It was 75 years ago this week — Oct. 5, 1940 — when the movie Knute Rockne, All-American was released and first we heard, "Rock, some day when the team's up against it, breaks are beating the boys, ask them to go in there with all they've got, win just one for the Gipper."
It isn't just because a future president of the United States was the actor who uttered it, that this became the single most famous line ever spoken in a sports movie. No, it was because of who the Gipper was playing for: Notre Dame.
Really: think about it. Seventy-five years later, Notre Dame — well, Notre Dame football — remains one of the most enduring things in American sport, in the company of the Kentucky Derby, the Masters, the Harlem Globetrotters and the ivy at Wrigley Field. It is a thing unto itself in college sport.
Click the audio to hear Frank Deford's homage to Notre Dame.
STEVE INSKEEP, HOST:
New York's attorney general says he's investigating fantasy sports. Two big websites, DraftKings and FanDuel, are featured in an unbelievable number of ads during football broadcasts. People bet on fantasy teams, which are based on the performance of real players on the field. Now investigators are asking if employees used inside information about the betting to increase their own chances of winning prize money for themselves. If you're more into old-fashioned football, here's is a story for you. Notre Dame and Navy have been meeting on the gridiron since before the Great Depression, and they do it again this weekend. Our commentator, Frank Deford, has some thoughts about the cultural legacy of the home team.
FRANK DEFORD, BYLINE: It was exactly 75 years ago this week, October 5, 1940, when the movie "Knute Rockne All American" was released. And first we heard...
(SOUNDBITE OF FILM, "KNUTE ROCKNE ALL AMERICAN")
RONALD REAGAN: (As George Gipp) Rock, someday when the team's up against it and the breaks are beating the boys, ask them to go in there with all they've got; win just one for the Gipper.
DEFORD: It isn't just because a future president of the United States was the actor who uttered it that this became the single most famous line ever spoken in a sports movie. No, it was because who the Gipper was playing for, Notre Dame. Really, think about it. Seventy-five years later, Notre Dame - well, Notre Dame football - remains one of the most enduring things in American sport, in the company of the Kentucky Derby, the Masters, the Harlem Globetrotters and the ivy at Wrigley Field. It is a thing unto itself in college sport. Notre Dame's original ascension to prominence was understandable, emerging as the national collegiate Roman Catholic team. But long after Catholics, Irish and otherwise, were accepted into the American mainstream and Notre Dame became a fine educational institution, no matter what changes have taken place in college football, Notre Dame continues to maintain its special gridiron sultanate. Today, college football has elevated five so-called power conferences, the Southeastern, Atlantic Coast, Big Ten, Big 12, Pacific-12, to pretty much run the show. (Laughter). Also included in this aristocracy is one independent - well, really a one-school conference - Notre Dame. Even the Yankees are in a league. I had the pleasure of dining with the distinguished late Notre Dame president, Theodore Hesburgh three years ago. And I asked him if he thought his school would ever be satisfied to give up its special eminence, join a conference and just be one of the boys. Father Hesburgh was 94 then but still quite catty enough to dodge my impudence. However, the current president, Father John Jenkins, declared last month that if it ever came about that college football players must be paid, he would take the fighting Irish out of big-time college football. Come on, Father, why, you might as well expect Queen Elizabeth to give up her crown. No, 75 years after we first saw Ronald Reagan plead just for one victory, Notre Dame football will, as the fight song more immodestly declares, win over all.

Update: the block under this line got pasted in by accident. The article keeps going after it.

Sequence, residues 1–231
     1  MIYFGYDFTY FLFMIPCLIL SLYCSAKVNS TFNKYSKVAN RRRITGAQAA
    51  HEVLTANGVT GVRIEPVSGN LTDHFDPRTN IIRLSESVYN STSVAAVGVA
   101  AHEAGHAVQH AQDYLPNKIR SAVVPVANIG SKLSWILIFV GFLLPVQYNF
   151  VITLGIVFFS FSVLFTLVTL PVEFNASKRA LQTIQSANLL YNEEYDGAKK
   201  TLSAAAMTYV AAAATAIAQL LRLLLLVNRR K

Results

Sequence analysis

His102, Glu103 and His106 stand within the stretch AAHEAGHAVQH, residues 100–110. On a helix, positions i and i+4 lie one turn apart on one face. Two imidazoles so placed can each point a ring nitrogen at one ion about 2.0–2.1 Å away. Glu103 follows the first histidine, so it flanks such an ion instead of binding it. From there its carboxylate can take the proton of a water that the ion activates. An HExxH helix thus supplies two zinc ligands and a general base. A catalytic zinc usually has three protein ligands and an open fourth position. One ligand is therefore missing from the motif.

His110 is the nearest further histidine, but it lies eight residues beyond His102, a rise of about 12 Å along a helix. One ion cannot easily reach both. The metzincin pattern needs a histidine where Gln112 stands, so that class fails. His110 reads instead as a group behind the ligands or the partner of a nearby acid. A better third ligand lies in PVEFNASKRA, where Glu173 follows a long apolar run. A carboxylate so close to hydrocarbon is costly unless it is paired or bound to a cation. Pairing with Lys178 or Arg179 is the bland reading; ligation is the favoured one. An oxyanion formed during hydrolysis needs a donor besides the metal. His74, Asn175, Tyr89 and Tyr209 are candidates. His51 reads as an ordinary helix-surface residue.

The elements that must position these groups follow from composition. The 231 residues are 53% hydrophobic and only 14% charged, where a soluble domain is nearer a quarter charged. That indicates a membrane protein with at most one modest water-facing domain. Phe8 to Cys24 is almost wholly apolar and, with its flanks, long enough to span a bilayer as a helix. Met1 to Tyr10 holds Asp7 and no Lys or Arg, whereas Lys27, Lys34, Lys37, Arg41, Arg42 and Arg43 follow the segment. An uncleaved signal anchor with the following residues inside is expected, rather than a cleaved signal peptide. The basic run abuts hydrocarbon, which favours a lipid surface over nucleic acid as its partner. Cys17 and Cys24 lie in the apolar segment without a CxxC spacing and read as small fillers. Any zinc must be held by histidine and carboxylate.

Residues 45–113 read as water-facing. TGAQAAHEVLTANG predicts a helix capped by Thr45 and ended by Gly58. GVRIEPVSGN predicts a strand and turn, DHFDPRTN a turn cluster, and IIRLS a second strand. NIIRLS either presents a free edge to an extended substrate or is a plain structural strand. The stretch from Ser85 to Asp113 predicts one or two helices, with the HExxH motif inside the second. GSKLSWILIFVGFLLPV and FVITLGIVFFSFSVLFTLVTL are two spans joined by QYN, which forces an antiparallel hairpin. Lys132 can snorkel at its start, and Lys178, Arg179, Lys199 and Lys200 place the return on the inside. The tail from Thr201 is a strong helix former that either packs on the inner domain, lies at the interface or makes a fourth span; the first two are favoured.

INSKEEP: You can hear comments from Frank Deford most Wednesdays here on MORNING EDITION. Transcript provided by NPR, Copyright NPR.